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Vermont driving bill tied to national immigration issue

WASHINGTON, D.C. — Advocates for Vermont’s migrant laborers know that a driver’s license bill, such as the one being considered by the Vermont Legislature, is a short-term solution to what is ultimately a federal problem. Few would dispute that the dairy industries in states like Vermont have been saved by migrant labor, but the federal government does not offer a visa program to supply labor-strapped dairy farms with legal, documented foreign workers, like the H-2A visa does for seasonal agricultural work.
In recent weeks, a coalition in the U.S. Senate, led by Vermont Sen. Patrick Leahy, has pushed for what is now the fifth version of an immigration reform bill in Washington, the “Border Security, Economic Opportunity, and Immigration Modernization Act of 2013,” which was introduced by eight senators on April 17.
On Monday, two Vermonters testified in support of the bill on Capitol Hill: Megan Smith, commissioner of the Vermont Department of Tourism and Marketing, who affirmed to lawmakers the need for seasonal workers in Vermont’s tourism industries, and Addison County resident Alyson Eastman, of Orwell, who testified about the critical role of migrant workers in Vermont agriculture.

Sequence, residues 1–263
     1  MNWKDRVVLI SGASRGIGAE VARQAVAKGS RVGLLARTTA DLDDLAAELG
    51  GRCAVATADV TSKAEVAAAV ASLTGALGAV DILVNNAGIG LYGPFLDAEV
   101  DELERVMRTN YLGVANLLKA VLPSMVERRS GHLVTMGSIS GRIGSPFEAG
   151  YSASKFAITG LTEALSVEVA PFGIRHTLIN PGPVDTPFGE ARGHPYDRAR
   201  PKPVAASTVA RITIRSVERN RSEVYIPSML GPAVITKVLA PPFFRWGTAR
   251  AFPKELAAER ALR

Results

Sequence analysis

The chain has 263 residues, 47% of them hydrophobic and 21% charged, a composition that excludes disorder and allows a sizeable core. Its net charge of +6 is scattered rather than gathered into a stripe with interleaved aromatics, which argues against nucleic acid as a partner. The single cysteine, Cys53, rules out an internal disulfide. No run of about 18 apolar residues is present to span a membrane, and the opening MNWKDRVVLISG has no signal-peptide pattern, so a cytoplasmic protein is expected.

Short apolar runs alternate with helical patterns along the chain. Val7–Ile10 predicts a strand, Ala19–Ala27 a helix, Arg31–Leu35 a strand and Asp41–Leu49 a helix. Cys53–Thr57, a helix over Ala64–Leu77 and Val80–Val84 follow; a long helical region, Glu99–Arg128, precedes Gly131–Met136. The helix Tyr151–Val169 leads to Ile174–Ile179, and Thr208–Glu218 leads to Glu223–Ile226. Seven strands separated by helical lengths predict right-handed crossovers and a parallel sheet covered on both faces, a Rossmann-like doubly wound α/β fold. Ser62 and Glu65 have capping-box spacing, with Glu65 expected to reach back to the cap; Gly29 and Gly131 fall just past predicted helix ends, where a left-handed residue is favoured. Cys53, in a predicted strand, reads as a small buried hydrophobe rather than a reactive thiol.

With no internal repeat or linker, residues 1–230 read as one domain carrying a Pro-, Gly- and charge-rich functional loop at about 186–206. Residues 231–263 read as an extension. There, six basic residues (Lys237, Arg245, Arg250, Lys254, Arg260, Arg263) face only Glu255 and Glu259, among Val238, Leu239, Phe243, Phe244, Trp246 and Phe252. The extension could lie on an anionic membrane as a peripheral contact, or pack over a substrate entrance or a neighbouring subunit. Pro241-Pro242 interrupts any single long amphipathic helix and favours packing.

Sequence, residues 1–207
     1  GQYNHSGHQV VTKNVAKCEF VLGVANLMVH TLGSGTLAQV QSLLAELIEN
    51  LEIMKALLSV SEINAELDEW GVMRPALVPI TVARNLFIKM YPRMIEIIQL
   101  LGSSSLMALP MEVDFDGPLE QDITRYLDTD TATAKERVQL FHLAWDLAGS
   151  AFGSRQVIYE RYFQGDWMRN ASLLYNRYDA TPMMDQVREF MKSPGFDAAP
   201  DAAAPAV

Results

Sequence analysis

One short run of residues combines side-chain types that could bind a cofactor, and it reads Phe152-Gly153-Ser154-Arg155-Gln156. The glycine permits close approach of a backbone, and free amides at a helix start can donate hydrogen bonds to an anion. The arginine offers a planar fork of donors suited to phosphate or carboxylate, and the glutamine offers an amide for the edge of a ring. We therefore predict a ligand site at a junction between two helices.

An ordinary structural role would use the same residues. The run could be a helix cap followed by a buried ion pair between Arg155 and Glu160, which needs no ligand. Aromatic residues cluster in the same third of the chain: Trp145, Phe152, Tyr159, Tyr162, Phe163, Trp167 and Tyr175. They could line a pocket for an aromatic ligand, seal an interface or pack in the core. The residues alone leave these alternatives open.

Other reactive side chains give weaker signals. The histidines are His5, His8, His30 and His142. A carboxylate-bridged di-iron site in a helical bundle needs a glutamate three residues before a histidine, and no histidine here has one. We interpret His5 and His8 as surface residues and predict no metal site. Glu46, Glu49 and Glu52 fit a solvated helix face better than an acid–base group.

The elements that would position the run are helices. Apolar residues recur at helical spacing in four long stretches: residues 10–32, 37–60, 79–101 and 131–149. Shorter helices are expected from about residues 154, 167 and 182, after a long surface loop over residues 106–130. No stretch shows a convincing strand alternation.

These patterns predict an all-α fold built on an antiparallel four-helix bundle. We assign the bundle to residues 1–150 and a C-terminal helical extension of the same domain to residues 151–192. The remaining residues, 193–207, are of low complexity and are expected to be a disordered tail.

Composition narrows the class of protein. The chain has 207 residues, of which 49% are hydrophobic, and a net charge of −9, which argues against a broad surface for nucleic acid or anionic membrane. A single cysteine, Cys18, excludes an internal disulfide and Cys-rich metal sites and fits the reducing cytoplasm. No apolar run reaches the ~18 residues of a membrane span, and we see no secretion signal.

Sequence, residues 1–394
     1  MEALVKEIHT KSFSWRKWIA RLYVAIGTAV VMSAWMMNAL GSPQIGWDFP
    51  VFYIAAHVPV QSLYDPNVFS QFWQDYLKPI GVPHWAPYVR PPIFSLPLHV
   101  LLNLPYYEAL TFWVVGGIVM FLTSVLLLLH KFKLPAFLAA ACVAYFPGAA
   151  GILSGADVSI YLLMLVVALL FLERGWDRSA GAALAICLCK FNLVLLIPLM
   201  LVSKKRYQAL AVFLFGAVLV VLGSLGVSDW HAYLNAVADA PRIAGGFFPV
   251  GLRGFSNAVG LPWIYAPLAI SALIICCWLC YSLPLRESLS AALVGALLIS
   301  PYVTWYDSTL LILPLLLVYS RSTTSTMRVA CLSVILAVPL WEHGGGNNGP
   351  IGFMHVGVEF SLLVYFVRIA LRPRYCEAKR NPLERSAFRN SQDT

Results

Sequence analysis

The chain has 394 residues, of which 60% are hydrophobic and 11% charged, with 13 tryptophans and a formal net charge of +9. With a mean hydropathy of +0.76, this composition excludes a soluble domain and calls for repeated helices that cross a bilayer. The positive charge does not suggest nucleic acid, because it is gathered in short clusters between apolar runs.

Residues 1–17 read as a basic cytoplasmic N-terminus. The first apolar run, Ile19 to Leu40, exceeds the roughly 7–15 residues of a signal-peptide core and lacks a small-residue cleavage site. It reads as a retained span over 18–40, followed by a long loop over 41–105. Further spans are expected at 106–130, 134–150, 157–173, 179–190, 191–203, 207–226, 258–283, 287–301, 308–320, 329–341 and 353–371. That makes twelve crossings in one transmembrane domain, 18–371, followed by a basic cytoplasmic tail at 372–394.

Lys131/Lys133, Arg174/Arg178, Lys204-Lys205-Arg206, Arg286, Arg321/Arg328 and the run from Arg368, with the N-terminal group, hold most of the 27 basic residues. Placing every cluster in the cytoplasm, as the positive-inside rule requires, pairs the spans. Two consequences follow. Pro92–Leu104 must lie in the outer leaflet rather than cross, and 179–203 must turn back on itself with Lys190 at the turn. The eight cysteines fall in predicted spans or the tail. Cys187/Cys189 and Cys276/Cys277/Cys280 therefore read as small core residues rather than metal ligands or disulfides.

Eastman’s Orwell-based company, Book-Ends Associates, works with Vermont farms helping them to apply for, manage and comply with the H-2A seasonal agricultural visa program at the U.S. Department of Labor.
The proposed bill, in its current incarnation, would replace the H-2A program with a comprehensive farm worker program. Undocumented workers currently working on U.S. farms would be eligible for a “blue card” that would allow them to stay, though they would not be eligible for public benefits. After five years, blue card holders would be eligible for a green card if certain conditions were met.
Eastman told lawmakers in Washington that she had seen firsthand the problems that Vermont’s farmers have had with the H-2A program, as well as the shortcomings and problems with the Department of Labor, or DOL.
“It’s very difficult to work with the DOL because they don’t understand agriculture,” Eastman told the Independent in a Monday phone interview.
For example, she said, her Orwell turkey farm had had to prove to the DOL that turkey farms needed more labor during the pre-Thanksgiving processing season.
Eastman was aware of the legislation unfolding at the state level, but said she was not in favor of the driver’s license bill because she was concerned about who would pay the insurance for migrant worker vehicles. She added that the migrant workers that Book-Ends Associates represents are also all documented, and driving licenses are not a privilege they are granted for two to four years after arriving legally.
However, Eastman said she understood and sympathized with the intention behind the bill.
“Just because I’m not in favor (of the driver’s license bill) it doesn’t mean there’s not a problem,” said Eastman. “But if the bill goes through on a national level, it takes care of the problem.”

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